Advice From: Class of 2021

By Meera S. Nair

With Visitas coming up quick and Decision Day not too far behind, you may be feeling just a bit clueless about what this whole “college” thing is really all about. Lucky for you, our senior writers have been through it all, from the overwhelming number of club comps freshman year to senior thesising hell. As their time at Harvard comes to an end, enjoy a few words of wisdom from Flyby’s own seniors in the Class of 2021.

Prioritize making friendships and memories that you can look back on in 30 years, rather than trying to take the hardest classes, having the most extracurriculars, or landing the best job.

— Hannah J. Humes ’21

Dip your toe into everything that seems even mildly interesting to you — whether it’s academics, extracurriculars, or something else. You’ll eventually have to choose, of course. You can’t do everything, and you definitely shouldn’t overwork yourself. Still, you might fall in love with something that you never expected you would fall in love with, and that will make it all worth it.

— Lorenzo F. Manuali ’21

Harvard’s campus is amazing, but don’t forget to explore the nearby Squares (like Porter, Davis, and Central) and Boston itself! Make a bucket list for each year rather than an ultimate bucket list, because your four years will fly by (no pun intended) before you know it!

— Cindy Li ’21

Do the things you care the most about, and don’t let other people pressure you in those decisions. Writing a thesis, doing research, or joining a certain club isn’t worth it if it never brings you any joy — you have to do what’s going to make YOU happy, not anyone else. And don’t worry, it really will all work out eventually!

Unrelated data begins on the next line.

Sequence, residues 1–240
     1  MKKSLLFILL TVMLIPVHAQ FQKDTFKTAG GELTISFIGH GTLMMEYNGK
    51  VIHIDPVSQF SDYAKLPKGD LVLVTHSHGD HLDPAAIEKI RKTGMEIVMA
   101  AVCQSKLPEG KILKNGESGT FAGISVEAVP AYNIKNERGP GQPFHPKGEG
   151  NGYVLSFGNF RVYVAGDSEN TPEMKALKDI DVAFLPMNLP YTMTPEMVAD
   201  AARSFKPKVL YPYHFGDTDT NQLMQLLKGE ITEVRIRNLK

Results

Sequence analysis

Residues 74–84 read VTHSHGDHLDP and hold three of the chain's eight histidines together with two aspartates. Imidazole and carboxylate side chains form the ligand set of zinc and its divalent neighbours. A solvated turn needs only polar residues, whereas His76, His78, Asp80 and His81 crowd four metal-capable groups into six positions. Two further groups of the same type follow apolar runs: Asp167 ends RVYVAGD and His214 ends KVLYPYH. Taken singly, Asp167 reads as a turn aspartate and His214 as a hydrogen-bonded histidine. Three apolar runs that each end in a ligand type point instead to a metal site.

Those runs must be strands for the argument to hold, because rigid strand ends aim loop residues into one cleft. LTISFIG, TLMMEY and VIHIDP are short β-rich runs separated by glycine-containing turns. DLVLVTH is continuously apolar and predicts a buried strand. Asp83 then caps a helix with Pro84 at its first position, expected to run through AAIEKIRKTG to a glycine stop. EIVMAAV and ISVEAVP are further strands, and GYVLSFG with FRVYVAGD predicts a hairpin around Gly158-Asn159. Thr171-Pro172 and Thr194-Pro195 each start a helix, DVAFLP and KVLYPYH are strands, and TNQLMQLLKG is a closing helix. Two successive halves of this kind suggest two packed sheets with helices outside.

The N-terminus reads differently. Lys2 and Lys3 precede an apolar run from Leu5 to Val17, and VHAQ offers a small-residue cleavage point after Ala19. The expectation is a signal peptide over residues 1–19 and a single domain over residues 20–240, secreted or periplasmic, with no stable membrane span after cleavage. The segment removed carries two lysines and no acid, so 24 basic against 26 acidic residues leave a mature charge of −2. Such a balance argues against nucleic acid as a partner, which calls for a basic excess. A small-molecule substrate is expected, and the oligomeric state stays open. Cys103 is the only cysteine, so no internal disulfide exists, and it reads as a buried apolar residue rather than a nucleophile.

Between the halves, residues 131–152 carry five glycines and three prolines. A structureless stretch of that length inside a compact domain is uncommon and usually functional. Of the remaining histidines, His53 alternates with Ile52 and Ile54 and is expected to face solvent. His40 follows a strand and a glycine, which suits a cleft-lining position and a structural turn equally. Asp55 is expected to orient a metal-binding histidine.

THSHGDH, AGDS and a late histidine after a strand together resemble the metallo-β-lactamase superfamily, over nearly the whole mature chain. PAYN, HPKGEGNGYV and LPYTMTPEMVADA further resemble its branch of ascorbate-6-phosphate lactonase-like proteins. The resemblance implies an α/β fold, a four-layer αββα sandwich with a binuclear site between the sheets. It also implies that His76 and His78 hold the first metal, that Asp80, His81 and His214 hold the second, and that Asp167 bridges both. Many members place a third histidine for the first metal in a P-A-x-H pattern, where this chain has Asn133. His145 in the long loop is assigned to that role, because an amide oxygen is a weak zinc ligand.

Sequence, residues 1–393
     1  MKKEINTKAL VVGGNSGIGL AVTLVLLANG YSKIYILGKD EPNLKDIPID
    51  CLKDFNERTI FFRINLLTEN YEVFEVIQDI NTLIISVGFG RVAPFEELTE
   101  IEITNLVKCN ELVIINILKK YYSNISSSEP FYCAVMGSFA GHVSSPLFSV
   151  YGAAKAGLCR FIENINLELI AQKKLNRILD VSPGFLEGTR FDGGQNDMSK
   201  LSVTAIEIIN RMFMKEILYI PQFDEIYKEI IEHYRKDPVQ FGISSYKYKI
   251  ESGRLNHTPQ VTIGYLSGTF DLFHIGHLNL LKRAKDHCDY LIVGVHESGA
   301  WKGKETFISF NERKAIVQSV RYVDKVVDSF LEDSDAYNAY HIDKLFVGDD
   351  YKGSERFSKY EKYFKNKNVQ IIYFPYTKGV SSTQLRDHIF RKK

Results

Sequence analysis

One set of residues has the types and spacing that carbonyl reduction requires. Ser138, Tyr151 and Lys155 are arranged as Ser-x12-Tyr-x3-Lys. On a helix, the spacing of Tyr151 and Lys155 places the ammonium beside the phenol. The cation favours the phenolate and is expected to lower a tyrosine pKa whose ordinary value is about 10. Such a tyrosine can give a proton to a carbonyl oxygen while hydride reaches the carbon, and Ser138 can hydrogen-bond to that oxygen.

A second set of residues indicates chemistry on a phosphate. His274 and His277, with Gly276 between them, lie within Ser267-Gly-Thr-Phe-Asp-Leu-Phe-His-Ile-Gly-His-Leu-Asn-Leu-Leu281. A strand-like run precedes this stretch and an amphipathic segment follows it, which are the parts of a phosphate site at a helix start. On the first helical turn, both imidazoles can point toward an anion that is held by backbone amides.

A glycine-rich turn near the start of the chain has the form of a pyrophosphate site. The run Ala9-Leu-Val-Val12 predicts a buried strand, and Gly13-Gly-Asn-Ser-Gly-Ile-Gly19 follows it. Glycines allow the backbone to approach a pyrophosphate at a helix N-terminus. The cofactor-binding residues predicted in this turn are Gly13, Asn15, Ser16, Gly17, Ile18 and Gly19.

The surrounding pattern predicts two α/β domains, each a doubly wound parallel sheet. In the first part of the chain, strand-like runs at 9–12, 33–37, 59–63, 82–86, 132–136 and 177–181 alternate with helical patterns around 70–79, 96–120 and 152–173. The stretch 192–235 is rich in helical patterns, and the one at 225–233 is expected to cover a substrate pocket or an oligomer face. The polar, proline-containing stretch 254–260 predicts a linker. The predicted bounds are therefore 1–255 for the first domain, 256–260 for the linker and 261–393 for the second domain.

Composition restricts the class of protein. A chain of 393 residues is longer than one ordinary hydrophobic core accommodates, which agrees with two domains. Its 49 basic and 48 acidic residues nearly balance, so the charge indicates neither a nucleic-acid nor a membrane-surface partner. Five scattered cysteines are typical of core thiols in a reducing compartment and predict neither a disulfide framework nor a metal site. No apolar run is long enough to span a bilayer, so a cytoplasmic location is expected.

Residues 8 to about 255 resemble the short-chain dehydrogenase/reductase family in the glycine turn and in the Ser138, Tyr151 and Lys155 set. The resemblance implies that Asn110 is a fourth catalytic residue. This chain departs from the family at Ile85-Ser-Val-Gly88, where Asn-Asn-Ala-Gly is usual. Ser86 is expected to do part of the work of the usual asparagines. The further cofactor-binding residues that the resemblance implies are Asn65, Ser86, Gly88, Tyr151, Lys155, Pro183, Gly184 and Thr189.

— Claire J. Hoffman ’21

I know grades seem like they’re the be all, end all of school, but as the years have gone by, I’ve tried to focus on doing my best within parameters that let me be as happy as I can be. Doing things that fulfill you — hanging out with friends, playing video games, volunteering, acting, whatever — are so much more important than a paper only two people are ever going to read (if you even read your papers all the way through once you’ve written them).

Be conscientious and compassionate to others, and leave petty high school behavior in, well, high school. It’s old and it’s annoying. If you notice people around you exhibiting those behaviors, really evaluate for yourself whether or not they’re worth it. Also! You don’t have to make all of your friends right away! One of my closest friends I met during her senior fall, and we only knew each other in person for a semester + two months before getting kicked out. On that note, befriend upperclassmen. Advising here sucks tbh which I’m probably not supposed to say, but let upperclassmen be your guide. Have fun! Be safe! Try new things! And don’t let imposter syndrome get you down. xoxo.

— Rocket Claman ’21.5

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